This is in response to an article
by the Globe and Mail’s Public Editor,
in regard to a recent post
here asking whether the attribution
practices of Margaret Wente constitute plagiarism. Before continuing, I’d like
to commend the Globe for having a Public Editor.
Having said that, while I will give Ms. Stead the benefit of
the doubt and thank her for trying to protect my privacy, it was ironic to be
referred to an “anonymous blogger” - for three reasons.
on alternative sites have, in the
past day or so, identified me as the ‘author’ of this blog (what this indicates
about the insular character of mainstream media I leave to others).
Apart from that, Ms. Stead was
aware of who I was. That is because all, or almost
all, of the issues identified here over the past year and more were sent to The
Globe under my name, almost always before they were posted. Indeed, that is why previous corrections
and/or Editor’s Notes related to Ms. Wente appeared in the first place.
So it’s hard to understand this:
We have looked into all of the complaints
raised by the anonymous blogger regarding Ms. Wente and other writers at The
Globe and Mail and made corrections or clarifications where information was incorrect
Ms. Stead cannot
credibly be suggesting that corrections were made because the Globe scans
“anonymous bloggers” in search of errors?
Again, I will give her the benefit of the doubt, and assume she was
respecting my privacy, and thank her for it.
3) With their permission, I include below
excerpts from a response to one of several questions from JSource regarding feedback
received from the Globe and Mail:
identifying a few attribution problems, including some which warranted correction,
I received a response from Sylvia Stead (at the time Associate Editor) on May
26, 2011, addressed, Dear Ms. Wainio and Media Culpa. It began “This is a private letter, not
of that proviso, I won’t reproduce it all.
But in brief, it chided me because I “hide behind a faceless blog site
to very publicly defame Canada's best known columnist Margaret Wente” with “single-minded zealotry.” It said the attribution problems I’d
identified (straightforward side-by-side comparisons) were “defamatory of Ms. Wente”,
“misguided” and “wrong.”
continued, “Your complaint is not regarding someone else's written words, it is
about a quote. A quote that is attributed to the person who gave it. This is
fact the material also involved another writer’s prose, along with mis-placed
or migrating quotation marks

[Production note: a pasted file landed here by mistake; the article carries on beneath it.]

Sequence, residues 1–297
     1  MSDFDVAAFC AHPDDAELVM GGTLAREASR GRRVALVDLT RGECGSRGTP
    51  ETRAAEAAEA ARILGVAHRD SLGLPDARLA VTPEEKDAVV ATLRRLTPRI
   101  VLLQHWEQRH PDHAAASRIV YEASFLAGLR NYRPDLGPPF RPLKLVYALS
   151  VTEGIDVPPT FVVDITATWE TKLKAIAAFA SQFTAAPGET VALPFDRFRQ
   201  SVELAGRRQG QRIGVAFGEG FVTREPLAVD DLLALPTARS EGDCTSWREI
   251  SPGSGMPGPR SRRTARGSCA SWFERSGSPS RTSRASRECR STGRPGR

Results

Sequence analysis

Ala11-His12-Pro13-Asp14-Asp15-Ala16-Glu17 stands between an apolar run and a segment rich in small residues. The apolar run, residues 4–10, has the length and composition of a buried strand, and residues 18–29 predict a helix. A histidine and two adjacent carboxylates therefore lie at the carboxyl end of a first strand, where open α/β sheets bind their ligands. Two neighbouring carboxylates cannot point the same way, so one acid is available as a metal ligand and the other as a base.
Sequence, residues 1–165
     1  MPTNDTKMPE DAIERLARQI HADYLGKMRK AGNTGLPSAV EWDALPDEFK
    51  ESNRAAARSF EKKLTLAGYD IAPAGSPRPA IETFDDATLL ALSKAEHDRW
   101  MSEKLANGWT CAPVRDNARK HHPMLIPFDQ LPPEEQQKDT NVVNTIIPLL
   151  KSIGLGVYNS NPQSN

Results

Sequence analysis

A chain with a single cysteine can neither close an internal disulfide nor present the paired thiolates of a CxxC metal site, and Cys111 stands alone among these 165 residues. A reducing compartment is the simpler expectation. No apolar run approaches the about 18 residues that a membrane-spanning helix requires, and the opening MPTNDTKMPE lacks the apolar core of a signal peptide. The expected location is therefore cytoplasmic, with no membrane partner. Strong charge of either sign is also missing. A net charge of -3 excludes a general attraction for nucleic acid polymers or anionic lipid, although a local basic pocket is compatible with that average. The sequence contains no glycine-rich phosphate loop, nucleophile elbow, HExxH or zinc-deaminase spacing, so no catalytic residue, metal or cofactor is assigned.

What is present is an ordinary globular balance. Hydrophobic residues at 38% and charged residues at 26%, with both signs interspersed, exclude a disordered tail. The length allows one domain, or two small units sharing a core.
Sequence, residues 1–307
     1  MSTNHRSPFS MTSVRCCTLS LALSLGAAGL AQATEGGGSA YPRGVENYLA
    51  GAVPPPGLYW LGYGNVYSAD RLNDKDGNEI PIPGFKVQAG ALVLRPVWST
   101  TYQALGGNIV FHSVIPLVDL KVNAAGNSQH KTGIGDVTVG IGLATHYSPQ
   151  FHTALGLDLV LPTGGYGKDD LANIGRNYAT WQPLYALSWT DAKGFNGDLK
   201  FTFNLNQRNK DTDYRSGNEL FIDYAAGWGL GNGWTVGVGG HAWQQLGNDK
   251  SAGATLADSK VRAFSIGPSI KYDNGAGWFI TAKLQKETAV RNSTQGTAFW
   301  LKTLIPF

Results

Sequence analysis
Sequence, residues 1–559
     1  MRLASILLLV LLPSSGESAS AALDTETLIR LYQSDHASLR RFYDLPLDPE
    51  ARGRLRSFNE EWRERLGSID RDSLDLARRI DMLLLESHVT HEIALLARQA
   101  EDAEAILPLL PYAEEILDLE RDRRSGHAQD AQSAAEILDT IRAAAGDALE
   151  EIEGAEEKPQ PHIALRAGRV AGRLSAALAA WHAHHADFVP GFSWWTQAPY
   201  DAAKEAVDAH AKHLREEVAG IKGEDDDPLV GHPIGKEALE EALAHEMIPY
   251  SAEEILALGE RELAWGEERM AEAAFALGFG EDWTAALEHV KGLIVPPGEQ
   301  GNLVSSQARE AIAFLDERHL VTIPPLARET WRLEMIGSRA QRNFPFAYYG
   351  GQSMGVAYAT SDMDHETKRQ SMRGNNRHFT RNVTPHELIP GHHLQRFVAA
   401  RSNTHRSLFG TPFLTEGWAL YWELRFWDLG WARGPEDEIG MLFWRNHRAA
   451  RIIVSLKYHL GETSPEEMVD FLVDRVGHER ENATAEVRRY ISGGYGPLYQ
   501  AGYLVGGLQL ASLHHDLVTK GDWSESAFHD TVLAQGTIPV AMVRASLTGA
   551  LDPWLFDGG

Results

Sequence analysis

concluded: “we have responded to you a number of times pointing out that you are
wrong in your very public attacks on Ms. Wente. We will not respond again”.
Ms. Stead, now Public Editor, and her replacement, made good on that promise.
prior to that email, The Globe had been obliged to correct an
error I brought to them where one of Ms. Wente’s un-attributed quotes turned
the scientist who gave it to AP into a fisherman. Just after
the email, they were obliged to attribute material which I pointed out had
appeared in The New York Times prior to Ms. Wente’s article. So my concerns were not without merit, and
they were aware of a pattern.
continued to apprise The Globe of problems. Other corrections followed - for
the "John" in Ms. Wente’s Occupy story, some improperly
attributed language by Christopher Lasch, something related to a Pew report on
religion, and others.
Given this, it’s hard not to assume that editors did not simply
put their fingers in their ears. And it is (again) a bit ironic
that it is Ms. Stead conducting “an
investigation” into the matter.
I won’t address in detail the Public Editor’s response,
though I find it astonishing that it does not deal with the almost identical Dan
Gardner paragraph, in which quotation marks simply go missing in Ms. Wente’s almost
identical prose. Or the migrating quotation marks in regard to Collier and other
I believe the side-by-side comparisons speak for themselves.
But if what we see in that article (and others)
by Ms. Wente represents acceptable practice in the eyes of editors, the
journalism community, and the public, so be it.
My purpose here is to let those standards be public
knowledge, so that the next time a young journalist engages in a similar
practice, we all acknowledge that what Margaret Wente did in that article and in
others, is acceptable.
Because if it’s
acceptable for the country’s premier newspaper - which, in my opinion, should
set an example – then it is acceptable for everyone, including students whom
Ms.Wente regularly derides.
attribution is more than plagiarism. It
can, and does, produce serious factual errors, and erodes public trust. Ms. Wente’s supposed Occupy protester "John"
is the most striking and serious example. In my opinion, The Globe’s correction
in that case did not address what could be considered a kind of fabulism no less serious than Jonah Lehrer’s invented
Dylan quote – except that Ms. Wente didn’t write it herself. Through the
absence of attribution, she not only borrowed someone’s material, she created a
kind of “collage” – effectively lifting a character from one situation and
pasting him into another time and place to become the “face” of a movement he
had nothing to do with. To me, that's
more serious than borrowing someone’s writing.
But I’m not an expert, and welcome discussion from those who are.
these “accusations”, as Ms. Stead contends? I hope I’ve raised legitimate questions - backed
up by thorough documentation.
for Ms. Wente; while I do it reluctantly, and I’m not very good at it, this
blogger is female.